Have you ever been disappointed in Jesus? disappointed in God?
Times when I lost, or got turned down for, an opportunity or a job that I really thought God was leading me toward. When the underdog, faithful athlete or team is overwhelmed by the cheaters or the arrogant dynasty. When my candidate – obviously on the side of right, or at least better for the world than the other one – doesn’t get elected, the courts make the “wrong” decision, or the bill that makes the world better doesn’t pass. When doing the right thing – in compassion, in retirement planning, in workplace ethics or relationships – backfires and dumps me or you in conflict or crisis.
And maybe it all works out in the long run – the very long run – but still, I can feel my disappointment.
So can Peter.
Peter is painfully disappointed in Jesus, right now. Just six days ago, Peter’s deep, hope that the Messiah, God’s anointed, had finally come was spoken out loud, and affirmed by Jesus.
Yes! This is it. This is what we’ve been dreaming and waiting for.
And then – in the next breath – it’s denied. Yes, Jesus is the Messiah. But he’s talking about failure. About dying. About shameful crucifixion instead of about making God’s constant promises about freedom and abundance and a world you can actually trust come true. It’s a bitter disappointment, and Peter probably still doesn’t know how to take it.
And now Jesus invites him, and James and John, up the mountain for a little retreat day, and the two greatest heroes of the faith just appear. Clearly, unmistakably: Moses the founder of the faith and Elijah the greatest of prophets are so close he could actually touch them. Jesus is blindingly, unnaturally, bright, bleached, and dazzling. And God’s voice – unmistakably, powerfully – God’s voice announces that this Jesus is closer to God than anyone ever before, full of glory, worthy of trust.
All of God’s glory is right there. Face-to-face with Peter, all around Peter. Confused, impulsive, error-prone, oh-so-human Peter, is now standing in the full glory of the presence of God – which, by the way, is supposed to kill you if you encounter it un-purified – and living to tell about it.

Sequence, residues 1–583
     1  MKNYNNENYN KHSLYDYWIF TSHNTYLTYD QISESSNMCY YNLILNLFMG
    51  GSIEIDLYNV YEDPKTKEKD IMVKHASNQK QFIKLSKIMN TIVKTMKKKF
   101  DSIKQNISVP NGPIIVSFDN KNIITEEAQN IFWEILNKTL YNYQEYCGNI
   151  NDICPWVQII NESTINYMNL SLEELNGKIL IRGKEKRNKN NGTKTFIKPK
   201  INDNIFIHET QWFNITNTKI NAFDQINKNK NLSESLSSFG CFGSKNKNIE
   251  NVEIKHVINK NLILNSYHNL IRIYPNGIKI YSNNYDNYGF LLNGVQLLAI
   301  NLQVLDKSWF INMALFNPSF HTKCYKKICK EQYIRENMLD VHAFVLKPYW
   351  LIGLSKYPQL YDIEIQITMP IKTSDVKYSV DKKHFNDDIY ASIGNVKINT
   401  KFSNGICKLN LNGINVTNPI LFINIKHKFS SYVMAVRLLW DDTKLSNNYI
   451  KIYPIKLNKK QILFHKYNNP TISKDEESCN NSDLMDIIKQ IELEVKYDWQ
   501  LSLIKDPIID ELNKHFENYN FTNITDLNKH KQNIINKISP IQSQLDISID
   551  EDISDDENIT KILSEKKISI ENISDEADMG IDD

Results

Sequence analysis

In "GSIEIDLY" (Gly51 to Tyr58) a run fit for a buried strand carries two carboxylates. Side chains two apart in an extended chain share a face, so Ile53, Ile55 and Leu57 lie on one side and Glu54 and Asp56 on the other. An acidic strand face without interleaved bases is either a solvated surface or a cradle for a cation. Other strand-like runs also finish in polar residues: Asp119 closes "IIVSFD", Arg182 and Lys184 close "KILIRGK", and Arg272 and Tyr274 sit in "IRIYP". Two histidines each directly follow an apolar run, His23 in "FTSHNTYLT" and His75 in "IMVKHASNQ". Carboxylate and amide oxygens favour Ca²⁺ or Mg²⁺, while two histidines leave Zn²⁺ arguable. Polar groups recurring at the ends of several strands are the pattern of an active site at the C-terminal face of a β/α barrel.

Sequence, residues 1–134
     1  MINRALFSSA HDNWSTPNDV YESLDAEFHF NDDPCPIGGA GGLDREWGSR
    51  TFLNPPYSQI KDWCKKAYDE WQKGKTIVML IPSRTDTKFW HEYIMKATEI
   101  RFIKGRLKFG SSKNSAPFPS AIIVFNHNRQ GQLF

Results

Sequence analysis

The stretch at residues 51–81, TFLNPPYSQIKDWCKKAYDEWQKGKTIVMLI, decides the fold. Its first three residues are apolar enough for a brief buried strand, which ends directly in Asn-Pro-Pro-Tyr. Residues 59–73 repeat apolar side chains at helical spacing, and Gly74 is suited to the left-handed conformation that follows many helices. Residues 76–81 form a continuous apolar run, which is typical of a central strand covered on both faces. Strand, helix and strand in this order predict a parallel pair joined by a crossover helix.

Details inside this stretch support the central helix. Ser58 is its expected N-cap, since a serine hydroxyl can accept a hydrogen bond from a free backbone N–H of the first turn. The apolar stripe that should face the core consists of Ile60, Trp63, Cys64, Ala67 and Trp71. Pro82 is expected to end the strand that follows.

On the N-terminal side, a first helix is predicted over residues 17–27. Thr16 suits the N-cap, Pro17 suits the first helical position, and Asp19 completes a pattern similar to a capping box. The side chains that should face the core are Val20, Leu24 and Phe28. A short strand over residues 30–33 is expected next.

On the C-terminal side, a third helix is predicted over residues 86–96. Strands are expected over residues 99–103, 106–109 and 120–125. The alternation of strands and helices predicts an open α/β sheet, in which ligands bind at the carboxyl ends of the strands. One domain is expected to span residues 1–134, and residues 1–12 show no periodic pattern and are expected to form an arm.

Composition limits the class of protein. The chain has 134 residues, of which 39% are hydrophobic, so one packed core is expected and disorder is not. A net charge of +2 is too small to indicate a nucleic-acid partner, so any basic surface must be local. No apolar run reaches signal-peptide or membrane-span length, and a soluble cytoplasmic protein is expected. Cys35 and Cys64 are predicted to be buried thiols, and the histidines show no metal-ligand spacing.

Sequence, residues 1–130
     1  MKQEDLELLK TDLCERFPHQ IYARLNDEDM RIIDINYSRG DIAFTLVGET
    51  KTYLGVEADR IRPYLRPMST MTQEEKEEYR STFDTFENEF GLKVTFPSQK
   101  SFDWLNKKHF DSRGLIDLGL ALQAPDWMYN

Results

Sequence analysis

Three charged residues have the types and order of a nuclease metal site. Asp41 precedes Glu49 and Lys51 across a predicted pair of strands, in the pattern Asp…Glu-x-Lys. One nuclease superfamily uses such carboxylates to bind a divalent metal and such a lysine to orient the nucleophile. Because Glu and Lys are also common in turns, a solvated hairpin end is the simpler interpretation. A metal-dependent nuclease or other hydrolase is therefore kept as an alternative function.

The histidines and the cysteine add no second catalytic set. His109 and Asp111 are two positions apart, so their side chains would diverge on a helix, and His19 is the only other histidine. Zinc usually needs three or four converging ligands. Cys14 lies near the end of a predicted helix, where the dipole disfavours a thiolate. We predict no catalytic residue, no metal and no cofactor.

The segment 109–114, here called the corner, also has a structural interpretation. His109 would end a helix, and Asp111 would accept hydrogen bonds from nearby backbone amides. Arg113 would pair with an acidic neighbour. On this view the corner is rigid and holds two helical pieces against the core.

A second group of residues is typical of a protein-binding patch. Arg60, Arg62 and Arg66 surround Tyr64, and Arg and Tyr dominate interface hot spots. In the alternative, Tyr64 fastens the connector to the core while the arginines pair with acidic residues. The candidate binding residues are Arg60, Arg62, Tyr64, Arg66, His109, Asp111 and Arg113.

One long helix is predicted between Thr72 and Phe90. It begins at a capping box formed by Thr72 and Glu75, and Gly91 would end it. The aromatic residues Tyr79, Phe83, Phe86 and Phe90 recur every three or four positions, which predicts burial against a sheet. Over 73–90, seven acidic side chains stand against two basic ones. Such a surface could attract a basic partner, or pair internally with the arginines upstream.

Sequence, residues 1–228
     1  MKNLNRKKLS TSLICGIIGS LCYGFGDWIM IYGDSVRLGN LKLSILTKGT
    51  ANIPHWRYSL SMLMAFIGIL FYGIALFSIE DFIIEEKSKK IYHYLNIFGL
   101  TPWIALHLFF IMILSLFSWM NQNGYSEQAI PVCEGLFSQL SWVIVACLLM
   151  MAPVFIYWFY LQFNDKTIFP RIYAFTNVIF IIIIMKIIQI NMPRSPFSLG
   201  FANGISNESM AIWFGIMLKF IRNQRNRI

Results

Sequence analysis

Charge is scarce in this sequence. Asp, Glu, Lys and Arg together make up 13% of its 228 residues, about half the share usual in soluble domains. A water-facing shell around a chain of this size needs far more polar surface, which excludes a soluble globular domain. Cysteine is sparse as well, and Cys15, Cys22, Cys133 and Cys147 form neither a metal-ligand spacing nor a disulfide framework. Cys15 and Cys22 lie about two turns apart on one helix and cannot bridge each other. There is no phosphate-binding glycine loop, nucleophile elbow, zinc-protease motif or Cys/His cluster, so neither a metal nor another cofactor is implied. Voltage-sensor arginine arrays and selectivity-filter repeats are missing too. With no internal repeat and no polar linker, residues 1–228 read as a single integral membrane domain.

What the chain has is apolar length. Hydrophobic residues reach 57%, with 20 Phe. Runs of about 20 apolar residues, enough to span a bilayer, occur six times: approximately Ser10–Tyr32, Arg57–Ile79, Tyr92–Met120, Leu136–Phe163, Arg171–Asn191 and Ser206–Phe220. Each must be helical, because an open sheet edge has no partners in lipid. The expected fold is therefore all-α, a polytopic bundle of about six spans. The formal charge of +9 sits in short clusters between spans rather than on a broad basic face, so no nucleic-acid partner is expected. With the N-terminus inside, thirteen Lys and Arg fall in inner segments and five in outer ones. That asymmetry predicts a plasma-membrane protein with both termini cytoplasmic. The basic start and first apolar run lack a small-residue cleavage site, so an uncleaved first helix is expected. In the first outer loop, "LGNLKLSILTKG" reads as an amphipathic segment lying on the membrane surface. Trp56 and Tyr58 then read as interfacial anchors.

Peter is learning, again, that Jesus is not going to save the world the way Peter knew he was supposed to. Instead – though Peter may not realize it yet – Jesus has already saved Peter (and James, and John, not to mention you and me), already transformed and transfigured Peter so that he can stand in the full glory of the presence of God and not be destroyed by his flaws and faults and errors.
It’s still a disappointment, maybe. It’s a power and a gift Peter wasn’t looking for, and it disrupts his hopes and plans just as much as this news about crucifixion for the Messiah does.
Because – for better or worse – it seems God’s promises to transform the world don’t necessarily mean that God is going to do it all by Godself; so that the Savior comes, or the moment is right, we will wake up one morning to a world that’s right at last.
We probably won’t ever get a messiah – political, emotional, or divine – who does make it right from the top down.
That probably won’t stop me from hoping or wishing. But God has a track record of doing salvation the way I wasn’t planning. God has a history of transforming us – flawed, ordinary, confused human beings – with the power and the gift we weren’t looking for, so that we can be part of making God’s vision and promises real.
Now, you might look around at other human beings you know – at home, at work, in the next lane on the highway, or in DC or Trenton – and expect that humans are going to screw up whatever God leaves in human hands.